1880 - Chicken to go, please...

Mrs. White had still not given up eating meat by 1880. The following is an excerpt from a letter she wrote to her sister Elizabeth while traveling:

"Thursday morning we arose from our births refreshed with sleep. At eight o'clock we took a portion of the pressed chicken food liberally furnished us by the matron of the sanitarium, put the same in a two-quart pail, and placed it on the stove, and thus we had good hot chicken broth and enjoyed our breakfast. The morning was very cold and this hot dish was very palatable. ... We have plenty of room, good food and plenty of it. Sister McComber scalded up the chicken. Will scald the meat tomorrow morning."11
There appears to have been ample food available at the Sanitarium, yet Sister White ate chicken that was furnished by the Matron of the Sanitarium. Then she took the pressed chicken with her on her trip and ate it in the train for breakfast: "We again made a nice hot broth of our pressed chicken."12

Certainly Mrs. White could have planned a vegetarian diet for this trip. This was her fifteenth trip on this route so she knew exactly what to expect. Yet while she indulged in meals of chicken, she advised Adventists contemplating this journey to "Take your lunch baskets with you, well filled with fruits and plainly cooked bread".13 No, they were not permitted to violate the health reform principles and enjoy a little "palatable" chicken. They must follow the health reform and subsist on bread and fruit!

1882 - Oysters and Herrings?

Mrs. White was still privately eating unclean meat a full 13 years after her public commitment! In this 1882 excerpt from a letter to her daughter-in-law, Mary Kelsey White, she expresses her fondness for herring and oysters:

Mary, if you can get me a good box of herrings - fresh ones - please do so. These last ones that Willie got are bitter and old. If you can buy cans, say (a) half dozen cans of good tomatoes, please do so. We shall need them. If you can get a few cans of good oysters, get them.14
This letter gives credence to Fannie Bolton's claim that Ellen White was discovered in a restaurant "very gratified in eating big white raw oysters with vinegar, pepper and salt".15

Some find it difficult to believe that Sister White actually ate oysters because her testimonies tell Adventists they should refuse to eat them:

His stronghold seems to be giving way; his hitherto brave heart is growing weak. He is invited to accompany them for a walk, and they lead him to a saloon. Oysters or other refreshments are called for, and he is ashamed to draw away and refuse the treat.16

1887 - What's a campmeeting without chicken?

According to Dr. John Kellogg, Mrs. White celebrated her return from Europe in 1887 with "a large baked fish." When she visited the Battle Creek Sanitarium during the next several years, she "always called for meat and usually fried chicken," much to the consternation of Kellogg and the cook who were both vegetarians.17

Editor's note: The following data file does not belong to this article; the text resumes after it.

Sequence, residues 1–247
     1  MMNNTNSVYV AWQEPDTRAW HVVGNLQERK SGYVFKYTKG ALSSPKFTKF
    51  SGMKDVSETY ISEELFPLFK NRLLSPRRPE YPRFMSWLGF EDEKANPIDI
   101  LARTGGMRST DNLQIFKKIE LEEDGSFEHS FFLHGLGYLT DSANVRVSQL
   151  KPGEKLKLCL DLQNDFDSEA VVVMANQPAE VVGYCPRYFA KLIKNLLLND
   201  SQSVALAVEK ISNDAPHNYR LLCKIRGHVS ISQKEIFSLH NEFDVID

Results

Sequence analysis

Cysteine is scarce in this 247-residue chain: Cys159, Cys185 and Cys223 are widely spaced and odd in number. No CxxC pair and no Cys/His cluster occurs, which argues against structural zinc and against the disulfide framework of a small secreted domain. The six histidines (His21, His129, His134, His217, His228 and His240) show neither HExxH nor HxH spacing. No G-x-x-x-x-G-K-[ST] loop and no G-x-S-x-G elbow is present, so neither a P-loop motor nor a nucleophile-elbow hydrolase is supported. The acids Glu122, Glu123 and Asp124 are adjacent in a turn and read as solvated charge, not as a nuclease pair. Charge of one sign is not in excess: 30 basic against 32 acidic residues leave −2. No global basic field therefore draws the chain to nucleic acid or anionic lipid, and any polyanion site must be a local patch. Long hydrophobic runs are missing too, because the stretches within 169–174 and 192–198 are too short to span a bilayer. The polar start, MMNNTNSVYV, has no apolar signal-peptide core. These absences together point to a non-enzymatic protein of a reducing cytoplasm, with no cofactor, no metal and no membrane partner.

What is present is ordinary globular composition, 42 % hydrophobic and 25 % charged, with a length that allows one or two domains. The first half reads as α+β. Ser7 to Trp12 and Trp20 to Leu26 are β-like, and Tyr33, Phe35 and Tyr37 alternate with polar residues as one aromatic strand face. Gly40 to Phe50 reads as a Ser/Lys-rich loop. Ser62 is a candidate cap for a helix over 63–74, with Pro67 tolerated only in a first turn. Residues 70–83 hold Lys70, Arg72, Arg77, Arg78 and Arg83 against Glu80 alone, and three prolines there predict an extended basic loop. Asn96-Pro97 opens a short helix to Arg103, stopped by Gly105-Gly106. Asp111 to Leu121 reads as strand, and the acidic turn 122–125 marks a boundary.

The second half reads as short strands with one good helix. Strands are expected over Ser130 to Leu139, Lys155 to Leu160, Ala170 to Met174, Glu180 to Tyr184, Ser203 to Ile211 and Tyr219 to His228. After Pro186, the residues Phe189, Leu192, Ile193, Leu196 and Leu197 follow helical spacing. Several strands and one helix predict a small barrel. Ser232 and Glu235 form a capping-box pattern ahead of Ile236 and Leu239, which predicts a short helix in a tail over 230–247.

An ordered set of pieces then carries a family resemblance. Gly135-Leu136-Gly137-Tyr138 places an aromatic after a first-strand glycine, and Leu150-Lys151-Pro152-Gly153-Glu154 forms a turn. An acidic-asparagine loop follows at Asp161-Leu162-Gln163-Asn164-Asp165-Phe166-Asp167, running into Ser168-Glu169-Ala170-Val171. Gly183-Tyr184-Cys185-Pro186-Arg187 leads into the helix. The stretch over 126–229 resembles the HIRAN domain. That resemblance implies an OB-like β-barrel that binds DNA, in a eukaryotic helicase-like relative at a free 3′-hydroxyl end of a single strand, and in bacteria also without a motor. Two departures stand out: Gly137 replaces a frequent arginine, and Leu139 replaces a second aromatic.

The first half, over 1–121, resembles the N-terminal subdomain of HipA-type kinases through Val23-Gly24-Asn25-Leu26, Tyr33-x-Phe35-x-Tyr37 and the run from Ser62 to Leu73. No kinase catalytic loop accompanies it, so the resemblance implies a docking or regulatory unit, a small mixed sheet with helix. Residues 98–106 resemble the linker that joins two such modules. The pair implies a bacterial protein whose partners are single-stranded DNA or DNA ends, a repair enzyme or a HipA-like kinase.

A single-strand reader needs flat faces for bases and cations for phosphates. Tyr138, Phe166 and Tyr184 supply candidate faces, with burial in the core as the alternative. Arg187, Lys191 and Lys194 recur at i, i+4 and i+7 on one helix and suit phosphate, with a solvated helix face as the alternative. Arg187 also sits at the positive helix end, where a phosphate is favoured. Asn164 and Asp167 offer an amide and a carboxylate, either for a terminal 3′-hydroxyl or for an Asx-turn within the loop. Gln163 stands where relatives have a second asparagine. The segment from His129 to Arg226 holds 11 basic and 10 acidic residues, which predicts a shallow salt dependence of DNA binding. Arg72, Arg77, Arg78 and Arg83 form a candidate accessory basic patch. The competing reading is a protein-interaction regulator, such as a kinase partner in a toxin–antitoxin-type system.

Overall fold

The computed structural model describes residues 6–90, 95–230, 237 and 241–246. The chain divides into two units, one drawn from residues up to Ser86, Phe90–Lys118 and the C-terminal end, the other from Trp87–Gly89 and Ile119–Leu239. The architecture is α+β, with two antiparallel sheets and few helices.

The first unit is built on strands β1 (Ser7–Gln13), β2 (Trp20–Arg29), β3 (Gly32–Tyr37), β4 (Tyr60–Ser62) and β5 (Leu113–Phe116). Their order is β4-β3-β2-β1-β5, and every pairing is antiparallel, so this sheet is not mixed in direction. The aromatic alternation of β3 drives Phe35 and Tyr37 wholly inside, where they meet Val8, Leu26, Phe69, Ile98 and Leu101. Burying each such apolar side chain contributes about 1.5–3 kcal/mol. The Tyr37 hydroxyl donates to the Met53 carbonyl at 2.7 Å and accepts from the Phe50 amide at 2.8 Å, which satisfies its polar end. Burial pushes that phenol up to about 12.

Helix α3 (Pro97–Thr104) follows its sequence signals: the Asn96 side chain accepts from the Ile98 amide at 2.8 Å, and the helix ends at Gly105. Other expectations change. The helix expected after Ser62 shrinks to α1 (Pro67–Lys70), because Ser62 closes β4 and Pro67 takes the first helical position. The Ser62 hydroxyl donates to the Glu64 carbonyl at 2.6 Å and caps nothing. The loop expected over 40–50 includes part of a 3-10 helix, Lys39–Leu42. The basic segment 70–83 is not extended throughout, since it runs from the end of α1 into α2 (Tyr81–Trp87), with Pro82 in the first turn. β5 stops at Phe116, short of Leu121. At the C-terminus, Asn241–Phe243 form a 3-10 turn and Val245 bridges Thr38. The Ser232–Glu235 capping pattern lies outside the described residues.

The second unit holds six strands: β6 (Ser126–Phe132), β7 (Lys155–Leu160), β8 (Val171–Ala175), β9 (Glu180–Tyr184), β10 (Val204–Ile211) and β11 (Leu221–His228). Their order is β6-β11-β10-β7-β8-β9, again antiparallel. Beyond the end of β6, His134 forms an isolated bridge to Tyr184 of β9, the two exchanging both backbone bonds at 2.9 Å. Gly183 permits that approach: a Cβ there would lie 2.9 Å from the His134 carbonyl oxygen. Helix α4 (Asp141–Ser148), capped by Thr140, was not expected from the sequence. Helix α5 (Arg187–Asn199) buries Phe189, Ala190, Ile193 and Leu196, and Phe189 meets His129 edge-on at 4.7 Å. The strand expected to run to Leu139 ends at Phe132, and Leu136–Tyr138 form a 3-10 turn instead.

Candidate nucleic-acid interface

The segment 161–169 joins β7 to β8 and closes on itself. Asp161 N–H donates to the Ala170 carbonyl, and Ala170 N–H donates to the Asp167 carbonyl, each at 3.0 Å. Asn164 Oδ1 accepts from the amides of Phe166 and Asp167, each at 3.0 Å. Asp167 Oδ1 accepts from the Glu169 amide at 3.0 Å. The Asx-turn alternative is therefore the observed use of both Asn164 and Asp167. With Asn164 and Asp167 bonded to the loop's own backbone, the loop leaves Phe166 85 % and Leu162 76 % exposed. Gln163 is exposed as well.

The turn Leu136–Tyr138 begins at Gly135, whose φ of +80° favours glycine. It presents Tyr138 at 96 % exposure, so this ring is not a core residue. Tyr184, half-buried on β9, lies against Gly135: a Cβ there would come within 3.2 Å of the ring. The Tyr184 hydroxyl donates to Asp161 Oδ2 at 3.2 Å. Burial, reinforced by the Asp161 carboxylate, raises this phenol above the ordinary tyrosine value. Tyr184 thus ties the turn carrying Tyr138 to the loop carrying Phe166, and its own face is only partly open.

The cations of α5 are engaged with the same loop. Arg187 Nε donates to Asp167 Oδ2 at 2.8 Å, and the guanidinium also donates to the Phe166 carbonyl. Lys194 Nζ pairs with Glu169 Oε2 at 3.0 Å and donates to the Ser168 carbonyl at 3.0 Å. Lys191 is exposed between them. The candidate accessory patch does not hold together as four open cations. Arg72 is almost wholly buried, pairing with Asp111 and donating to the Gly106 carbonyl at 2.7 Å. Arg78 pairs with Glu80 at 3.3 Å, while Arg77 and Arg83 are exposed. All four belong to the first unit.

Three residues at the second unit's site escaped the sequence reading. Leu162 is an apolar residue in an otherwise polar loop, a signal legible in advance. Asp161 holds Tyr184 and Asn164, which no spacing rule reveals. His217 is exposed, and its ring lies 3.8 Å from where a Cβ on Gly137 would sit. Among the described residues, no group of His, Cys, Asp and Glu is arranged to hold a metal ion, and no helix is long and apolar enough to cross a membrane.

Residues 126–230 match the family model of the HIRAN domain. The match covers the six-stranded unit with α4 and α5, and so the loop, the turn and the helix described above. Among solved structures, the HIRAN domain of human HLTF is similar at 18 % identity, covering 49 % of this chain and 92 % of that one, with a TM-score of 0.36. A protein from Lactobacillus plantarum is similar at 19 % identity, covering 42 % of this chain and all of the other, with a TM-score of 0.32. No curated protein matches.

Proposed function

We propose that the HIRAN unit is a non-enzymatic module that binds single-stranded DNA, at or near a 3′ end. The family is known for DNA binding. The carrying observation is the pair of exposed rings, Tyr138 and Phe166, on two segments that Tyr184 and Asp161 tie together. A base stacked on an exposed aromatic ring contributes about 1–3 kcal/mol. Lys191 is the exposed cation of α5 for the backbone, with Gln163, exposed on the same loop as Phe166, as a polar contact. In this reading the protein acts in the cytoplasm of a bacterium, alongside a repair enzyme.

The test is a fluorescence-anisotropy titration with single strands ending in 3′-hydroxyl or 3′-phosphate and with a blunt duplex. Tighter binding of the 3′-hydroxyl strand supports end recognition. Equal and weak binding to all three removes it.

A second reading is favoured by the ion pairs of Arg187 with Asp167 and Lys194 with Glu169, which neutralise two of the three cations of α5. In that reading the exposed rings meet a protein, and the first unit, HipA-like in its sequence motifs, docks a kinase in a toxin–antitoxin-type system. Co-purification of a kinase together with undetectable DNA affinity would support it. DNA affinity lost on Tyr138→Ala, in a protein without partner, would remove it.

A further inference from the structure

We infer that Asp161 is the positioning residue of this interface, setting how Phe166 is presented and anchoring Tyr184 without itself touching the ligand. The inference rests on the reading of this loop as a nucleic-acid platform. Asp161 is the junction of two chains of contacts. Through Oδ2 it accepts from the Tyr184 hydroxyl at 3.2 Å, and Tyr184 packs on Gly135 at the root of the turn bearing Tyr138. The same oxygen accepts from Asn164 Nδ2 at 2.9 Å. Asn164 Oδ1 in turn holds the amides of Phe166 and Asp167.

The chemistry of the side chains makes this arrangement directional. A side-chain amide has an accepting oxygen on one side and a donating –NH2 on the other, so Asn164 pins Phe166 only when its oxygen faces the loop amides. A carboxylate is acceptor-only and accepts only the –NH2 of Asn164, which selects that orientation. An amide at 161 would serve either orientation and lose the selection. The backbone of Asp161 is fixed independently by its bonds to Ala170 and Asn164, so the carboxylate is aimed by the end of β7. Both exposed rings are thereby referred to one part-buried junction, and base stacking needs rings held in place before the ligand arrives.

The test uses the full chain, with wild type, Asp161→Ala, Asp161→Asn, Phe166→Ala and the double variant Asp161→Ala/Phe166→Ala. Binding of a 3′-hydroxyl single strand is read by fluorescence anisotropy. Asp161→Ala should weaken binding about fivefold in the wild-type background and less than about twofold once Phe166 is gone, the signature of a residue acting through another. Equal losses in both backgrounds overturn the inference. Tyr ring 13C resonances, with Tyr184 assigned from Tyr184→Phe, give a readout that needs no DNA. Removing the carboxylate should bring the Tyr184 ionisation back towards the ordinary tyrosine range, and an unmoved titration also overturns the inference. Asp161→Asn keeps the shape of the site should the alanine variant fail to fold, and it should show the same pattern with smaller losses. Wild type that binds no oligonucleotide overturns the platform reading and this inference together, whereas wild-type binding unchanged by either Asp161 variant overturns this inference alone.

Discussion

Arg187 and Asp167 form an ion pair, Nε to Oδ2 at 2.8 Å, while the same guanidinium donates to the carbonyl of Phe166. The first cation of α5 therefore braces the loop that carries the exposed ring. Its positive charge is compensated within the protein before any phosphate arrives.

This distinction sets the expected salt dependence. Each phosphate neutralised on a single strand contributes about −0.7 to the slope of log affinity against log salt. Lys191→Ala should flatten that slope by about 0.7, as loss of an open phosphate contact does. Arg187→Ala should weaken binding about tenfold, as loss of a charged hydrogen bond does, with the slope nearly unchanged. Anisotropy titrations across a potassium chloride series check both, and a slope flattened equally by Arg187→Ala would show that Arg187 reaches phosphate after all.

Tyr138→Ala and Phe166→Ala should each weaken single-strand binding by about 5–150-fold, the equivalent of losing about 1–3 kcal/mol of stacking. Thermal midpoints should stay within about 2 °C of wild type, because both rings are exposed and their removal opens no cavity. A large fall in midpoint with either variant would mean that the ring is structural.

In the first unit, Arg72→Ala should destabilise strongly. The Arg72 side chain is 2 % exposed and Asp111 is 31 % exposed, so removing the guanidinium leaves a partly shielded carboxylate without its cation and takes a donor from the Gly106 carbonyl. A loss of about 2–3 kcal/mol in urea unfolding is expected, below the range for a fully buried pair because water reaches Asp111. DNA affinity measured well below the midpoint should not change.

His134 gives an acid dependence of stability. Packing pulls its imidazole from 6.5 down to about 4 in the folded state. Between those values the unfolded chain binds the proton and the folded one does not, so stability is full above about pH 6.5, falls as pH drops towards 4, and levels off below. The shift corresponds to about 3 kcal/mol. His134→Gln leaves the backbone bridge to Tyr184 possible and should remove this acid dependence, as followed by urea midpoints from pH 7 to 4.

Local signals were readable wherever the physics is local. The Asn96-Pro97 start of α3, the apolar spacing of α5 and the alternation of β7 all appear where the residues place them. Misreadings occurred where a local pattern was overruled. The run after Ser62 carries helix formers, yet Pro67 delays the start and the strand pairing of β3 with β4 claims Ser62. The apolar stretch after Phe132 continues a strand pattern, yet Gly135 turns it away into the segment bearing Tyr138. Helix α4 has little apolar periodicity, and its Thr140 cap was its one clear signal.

At the various camp meetings she attended, her lax dietary habits became common knowledge, thanks in no small part to her own children. Kellogg recalled once hearing Edson (J.E.) White standing in front of his mother's tent calling out to a meat wagon that regularly visited the grounds:

"Say, hello there! Have you any fresh fish?"
"No," was his reply.
"Have you got any fresh chicken?"
Again the answer was "no," and J.E. bawled out in a very loud voice, "Mother wants some chicken. You had better get some quick."18
Years after his mother's death Willie White told of his mother's difficulty in giving up meat. He described the difficulty in finding vegetarian cooks, and of lunch baskets filled with turkey, chicken, and tinned tongue.19

1890 - More Oysters!

Oysters as an Aphrodisiac
"Already during the time of the Roman Empire oysters enjoyed a randy reputation, which only increased over the ages. During the "Golden Century" in the Netherlands (the 17th century) oysters were the symbol, the very incarnation of an aphrodisiac. Aphrodite, the Greek goddess of love, sprang forth from the sea on an oyster shell and promptly gave birth to Eros, hence the origin of the word, "aphrodisiac". The great Casanova also used to start his meals with 12 dozen oysters."20
According to Leviticus 11:10 anything from the waters without fins or scales is "unclean." In addition, oysters have long been considered an aphrodisiac. Surely James White must have recognized this because in 1870 he lambasted those who ate oysters:

"What kinds of edibles command the highest price in the market? Those that stimulate this passion, and because they create impure desires. What mean those oyster stews, and crab parties, and terrapin soups, and squab suppers, wild fowls, cloves, and a host of other like things? Eaten, in many instances in high (?low) life, expressly to beget unhallowed desires! Oh! shame, where is thy blush! Do you want more proof? Behold the fertile South. But particulars are too revolting, both as regards the beastly indulgence of whites with blacks, and the number of rakes [immoral men] and harlots among the latter! Our world is literally FULL of sensuality!"21